Nitrous oxide, a less potent and more naturally occurring greenhouse gas, reached 325 ppb in 2012, representing a 20 percent increase from preindustrial levels. That represents an increase of 0.9 ppb, which is slightly higher than the 10-year average rate of growth.

“The observations from the WMO’s extensive Global Atmosphere Watch network highlight yet again how heat-trapping gases from human activities have upset the natural balance of our atmosphere and are a major contribution to climate change,” said the WMO’s secretary-general, Michel Jarraud, in a press release announcing the findings. “As a result of this, our climate is changing, our weather is more extreme, ice sheets and glaciers are melting, and sea levels are rising.”

Also in November, the WMO released a preliminary examination of global temperatures for January through September, finding that 2013 is on pace to be one of the 10 warmest years recorded since 1850. The first nine months of 2013 ties 2003 as the seventh-warmest on record, reversing a cooling trend in 2011 and 2012, when La Niña conditions prevailed.

The WMO notes that 2013 has been marked by sharp weather variations, with colder than normal temperatures in Europe, parts of the United States, Russia, and Japan; at the same time, extreme heat baked Australia and melted ice in the Arctic.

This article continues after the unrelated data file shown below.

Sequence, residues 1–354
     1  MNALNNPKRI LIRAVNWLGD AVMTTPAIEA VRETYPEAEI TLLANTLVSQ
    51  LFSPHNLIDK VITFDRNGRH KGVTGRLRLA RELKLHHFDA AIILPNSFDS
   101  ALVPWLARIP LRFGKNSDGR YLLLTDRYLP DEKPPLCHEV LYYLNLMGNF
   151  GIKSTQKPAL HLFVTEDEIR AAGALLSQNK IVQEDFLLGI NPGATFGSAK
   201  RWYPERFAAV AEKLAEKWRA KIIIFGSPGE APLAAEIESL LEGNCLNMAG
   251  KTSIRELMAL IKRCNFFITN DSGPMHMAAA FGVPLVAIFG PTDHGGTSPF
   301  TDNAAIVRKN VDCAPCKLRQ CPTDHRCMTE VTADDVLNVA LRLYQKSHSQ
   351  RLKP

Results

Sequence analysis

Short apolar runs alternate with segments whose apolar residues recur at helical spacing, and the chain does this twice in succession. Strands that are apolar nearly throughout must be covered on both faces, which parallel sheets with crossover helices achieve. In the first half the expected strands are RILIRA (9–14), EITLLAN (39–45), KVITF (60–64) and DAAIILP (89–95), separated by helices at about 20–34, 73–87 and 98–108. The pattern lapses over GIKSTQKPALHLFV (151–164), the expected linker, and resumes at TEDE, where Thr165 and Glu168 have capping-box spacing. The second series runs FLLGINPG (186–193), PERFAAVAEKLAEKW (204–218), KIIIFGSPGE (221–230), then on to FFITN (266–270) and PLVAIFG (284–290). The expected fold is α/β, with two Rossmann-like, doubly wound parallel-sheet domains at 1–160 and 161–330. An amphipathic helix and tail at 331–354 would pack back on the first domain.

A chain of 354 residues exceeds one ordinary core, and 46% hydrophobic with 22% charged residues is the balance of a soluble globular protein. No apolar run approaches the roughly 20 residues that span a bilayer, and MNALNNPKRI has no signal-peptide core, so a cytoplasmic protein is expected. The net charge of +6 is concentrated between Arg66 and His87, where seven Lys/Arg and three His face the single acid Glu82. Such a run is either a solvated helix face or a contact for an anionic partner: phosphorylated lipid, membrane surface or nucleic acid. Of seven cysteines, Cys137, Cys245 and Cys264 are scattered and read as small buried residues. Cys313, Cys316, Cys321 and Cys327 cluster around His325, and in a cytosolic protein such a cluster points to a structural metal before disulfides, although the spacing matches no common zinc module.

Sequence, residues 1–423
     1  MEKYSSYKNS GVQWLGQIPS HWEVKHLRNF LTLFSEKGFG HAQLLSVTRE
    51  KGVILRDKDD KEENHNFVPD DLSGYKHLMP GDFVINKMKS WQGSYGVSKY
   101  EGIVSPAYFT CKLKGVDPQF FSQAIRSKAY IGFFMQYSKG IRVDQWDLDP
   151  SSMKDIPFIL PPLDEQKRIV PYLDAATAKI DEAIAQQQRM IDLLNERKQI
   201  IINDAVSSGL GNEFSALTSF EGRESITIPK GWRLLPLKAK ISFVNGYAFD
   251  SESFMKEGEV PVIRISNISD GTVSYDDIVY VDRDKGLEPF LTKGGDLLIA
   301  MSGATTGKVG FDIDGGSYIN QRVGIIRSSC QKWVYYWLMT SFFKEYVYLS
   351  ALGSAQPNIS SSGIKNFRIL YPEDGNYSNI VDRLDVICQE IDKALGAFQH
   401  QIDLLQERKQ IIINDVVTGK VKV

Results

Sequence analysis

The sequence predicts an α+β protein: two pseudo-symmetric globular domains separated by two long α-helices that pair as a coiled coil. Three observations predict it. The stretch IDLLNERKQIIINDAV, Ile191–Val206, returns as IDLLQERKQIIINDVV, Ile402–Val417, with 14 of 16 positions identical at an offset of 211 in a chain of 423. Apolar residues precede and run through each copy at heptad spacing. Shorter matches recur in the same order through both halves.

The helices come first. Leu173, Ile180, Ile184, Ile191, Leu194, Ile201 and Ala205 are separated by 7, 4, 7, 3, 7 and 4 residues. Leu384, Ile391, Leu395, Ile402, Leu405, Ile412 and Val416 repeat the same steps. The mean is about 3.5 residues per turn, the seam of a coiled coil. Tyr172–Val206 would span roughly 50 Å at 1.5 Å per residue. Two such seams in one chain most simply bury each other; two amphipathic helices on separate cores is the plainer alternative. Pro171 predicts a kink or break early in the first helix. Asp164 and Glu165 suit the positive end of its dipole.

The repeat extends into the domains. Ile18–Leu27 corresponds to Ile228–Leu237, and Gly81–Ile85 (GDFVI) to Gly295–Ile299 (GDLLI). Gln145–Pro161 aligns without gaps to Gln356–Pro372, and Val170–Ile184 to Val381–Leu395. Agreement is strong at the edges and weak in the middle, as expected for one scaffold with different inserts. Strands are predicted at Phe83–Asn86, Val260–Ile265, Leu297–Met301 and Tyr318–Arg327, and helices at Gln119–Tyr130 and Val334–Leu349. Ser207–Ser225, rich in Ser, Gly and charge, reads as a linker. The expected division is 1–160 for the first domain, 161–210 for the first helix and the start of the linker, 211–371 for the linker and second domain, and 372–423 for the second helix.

Arctic ice melted to just 5.10 million sq km in 2013, a figure that is 18 percent below the recent average. This level places the year as having the sixth-smallest ice coverage on record, though still well in excess of the 3.41 million sq km recorded in 2012. Likewise, ice melt rates in Greenland moderated from record levels in 2012.

“With some natural variability between years, Arctic sea ice is steadily declining at an average rate of 13.7 percent per decade,” said Jessica Blunden, the scientific coordinator of the provisional climate statement, who provided written comments to Civil Engineering online. “The last seven years have seen the lowest Arctic sea ice extents on record. Melting of Arctic sea ice, along with glaciers and ice sheets, contribute to sea level rise.”

Conversely, Antarctic sea ice continues to set records for growth. The 19.47 million sq km of Antarctic seas ice recorded on September 22 broke a record set in 2012 and is 2.6 percent higher than the recent average for ice cover.

“The maximum Antarctic sea ice extent has been increasing at an average rate of 1.1 percent per decade,” Blunden said. “While the last two years have seen the largest maximum extents on record, there is no obvious trend in the increase.” The rate of increase doesn’t offset ice loss in the Arctic, she added.

“Temperatures so far this year are about the same as the average during 2001-2010, which was the warmest decade on record,” said Jarraud. “All of the warmest years have been since 1998 and this year once again continues the underlying, long-term trend. The coldest years now are warmer than the hottest years before 1998.

“Atmospheric concentrations of carbon dioxide and other greenhouse gases reached new highs in 2012, and we expect them to reach unprecedented levels yet again in 2013. This means that we are committed to a warmer future,” Jarraud said. “Surface temperatures are only part of the wider picture of our changing climate. The impact on our water cycle is already becoming apparent—as manifested by droughts, floods, and extreme precipitation.”